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Booming after the blast

Since time immemorial, volcanoes have plagued human communities. Cities that took centuries to build were lost in minutes due to the havoc caused by the magma and ash fall. From Pompeii to Pampanga, many of the towns affected by volcanoes bore witness to numerous deaths and destruction.

A few of these victims, however, have managed to turn around their misfortunes and have since risen from the ashes.

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Amid our fears of a possible Taal Volcano eruption and its devastation, let us take a look at the various places around the world that have managed to bounce back even after suffering the wrath of Mother Nature.

These examples serve as a reminder that an unwavering attitude and strong community spirit cannot be taken away even by a smoldering volcano.

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Washington

Forty years ago, Washington, United States, experienced one of its most damaging catastrophes: the eruption of Mt. St. Helens. In 1980, the peaceful Spirit Lake and the adjacent forest of Skamania County was buried in hot ash and pumice. The evergreen surroundings, once a popular campsite destination, became a ghost land in grey soot. With fallen trees, a buried lake and an abandoned forest devoid of life, there was little hope for the once beautiful landscape to regain its former glory.

That is why 40 years later, scientists are calling the area surrounding the volcano a miracle. If you visit the remains of the volcanic eruption now, you’d barely see any trace of ashfall. Instead, abundant flora and fauna have filled the place with new life.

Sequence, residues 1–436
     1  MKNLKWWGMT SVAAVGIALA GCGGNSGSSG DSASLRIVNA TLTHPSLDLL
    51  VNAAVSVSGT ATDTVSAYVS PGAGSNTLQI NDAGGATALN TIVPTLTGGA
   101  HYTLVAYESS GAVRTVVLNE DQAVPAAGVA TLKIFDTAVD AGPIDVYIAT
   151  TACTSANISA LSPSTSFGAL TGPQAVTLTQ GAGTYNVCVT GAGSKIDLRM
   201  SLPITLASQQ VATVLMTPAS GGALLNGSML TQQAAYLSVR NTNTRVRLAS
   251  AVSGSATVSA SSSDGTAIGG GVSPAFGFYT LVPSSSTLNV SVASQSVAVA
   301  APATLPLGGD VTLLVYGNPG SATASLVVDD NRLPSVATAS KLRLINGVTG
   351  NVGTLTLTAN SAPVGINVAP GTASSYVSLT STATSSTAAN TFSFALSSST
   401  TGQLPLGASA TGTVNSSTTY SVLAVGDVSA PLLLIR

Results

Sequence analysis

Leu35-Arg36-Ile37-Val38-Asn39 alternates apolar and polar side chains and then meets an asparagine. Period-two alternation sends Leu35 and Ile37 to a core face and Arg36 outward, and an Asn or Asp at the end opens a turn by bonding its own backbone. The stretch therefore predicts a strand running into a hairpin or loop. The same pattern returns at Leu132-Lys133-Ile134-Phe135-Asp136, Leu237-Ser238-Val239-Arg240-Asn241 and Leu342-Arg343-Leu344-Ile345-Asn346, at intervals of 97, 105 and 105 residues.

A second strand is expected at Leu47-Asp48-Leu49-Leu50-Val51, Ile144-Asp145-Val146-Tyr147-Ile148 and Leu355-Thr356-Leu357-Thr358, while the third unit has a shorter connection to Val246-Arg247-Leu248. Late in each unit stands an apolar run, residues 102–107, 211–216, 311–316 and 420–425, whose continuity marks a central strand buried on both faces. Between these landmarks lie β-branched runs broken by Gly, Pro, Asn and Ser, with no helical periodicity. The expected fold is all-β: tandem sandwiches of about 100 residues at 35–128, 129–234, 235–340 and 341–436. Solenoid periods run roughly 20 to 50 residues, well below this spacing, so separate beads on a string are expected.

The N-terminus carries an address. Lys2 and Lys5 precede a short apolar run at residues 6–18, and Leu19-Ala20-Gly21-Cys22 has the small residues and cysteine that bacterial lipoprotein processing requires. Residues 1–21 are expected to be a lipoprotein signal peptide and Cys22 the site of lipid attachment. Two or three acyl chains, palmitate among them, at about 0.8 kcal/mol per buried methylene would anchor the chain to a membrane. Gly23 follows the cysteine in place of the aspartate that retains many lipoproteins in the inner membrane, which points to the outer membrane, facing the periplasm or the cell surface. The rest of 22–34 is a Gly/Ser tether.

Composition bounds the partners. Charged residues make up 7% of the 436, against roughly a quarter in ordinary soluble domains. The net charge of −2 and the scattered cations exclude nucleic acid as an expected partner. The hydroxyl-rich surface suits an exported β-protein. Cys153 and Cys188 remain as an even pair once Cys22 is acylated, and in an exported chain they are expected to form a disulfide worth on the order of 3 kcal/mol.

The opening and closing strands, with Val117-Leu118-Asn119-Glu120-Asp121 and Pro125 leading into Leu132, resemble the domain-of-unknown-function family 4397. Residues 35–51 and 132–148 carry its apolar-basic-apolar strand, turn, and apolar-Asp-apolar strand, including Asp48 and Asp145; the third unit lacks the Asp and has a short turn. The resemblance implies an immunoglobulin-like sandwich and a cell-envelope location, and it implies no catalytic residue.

With the towering trees no longer blocking out sunlight, a whole new set of plants and animals have claimed the land as their own. Since the eruption also discouraged mining and logging companies from setting up business, nature was allowed to carve its own, undisturbed road to recovery.

New plant and animal species emerged from the volcanic remains. While fireweed, ants and gophers could no longer be seen in the area like before, fireweed, sword fern and rove beetles replaced them. It appeared that with each loss, Mother Nature gave life to another being. The region has even become a warmer, richer environment. While it does not offer the same scenery as it did before the eruption, it gives hope to new beginnings and a promising future.

Hawaii

When you think of Hawaii, what first comes into your mind? Luaus, beaches and surfing? How about three active volcanoes that can erupt any time?

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Mauna Loa, Hualalai, and Kilauea—three volcanoes that remain closely monitored since their eruptions in the ’80s—have made a livelihood for villagers. The tourist spots and agriculturally rich land have kept villagers within the vicinity of the volcanoes, assuring them of a source of livelihood.

The people’s peaceful co-existence with the volcanos came to an end in 2018. The Kilauea volcano, which had been in continuous eruption since 1983, finally unleashed boiling lava. The pyroclastic flow destroyed the homes in the nearby Leilani estates and Kapoho. Many people were displaced and injuries were reported due to the volcanic activity.

Despite the tragedy, many residents returned to the area, still determined to make a life in the hardened remains of the lava flow. The once evergreen land that brought in tourists had become a blackened ground, devoid of trees and plants. Despite this setback, people were still determined to make the area their home. Photos of villagers planting new crops and trees on their properties gave new hope to victims.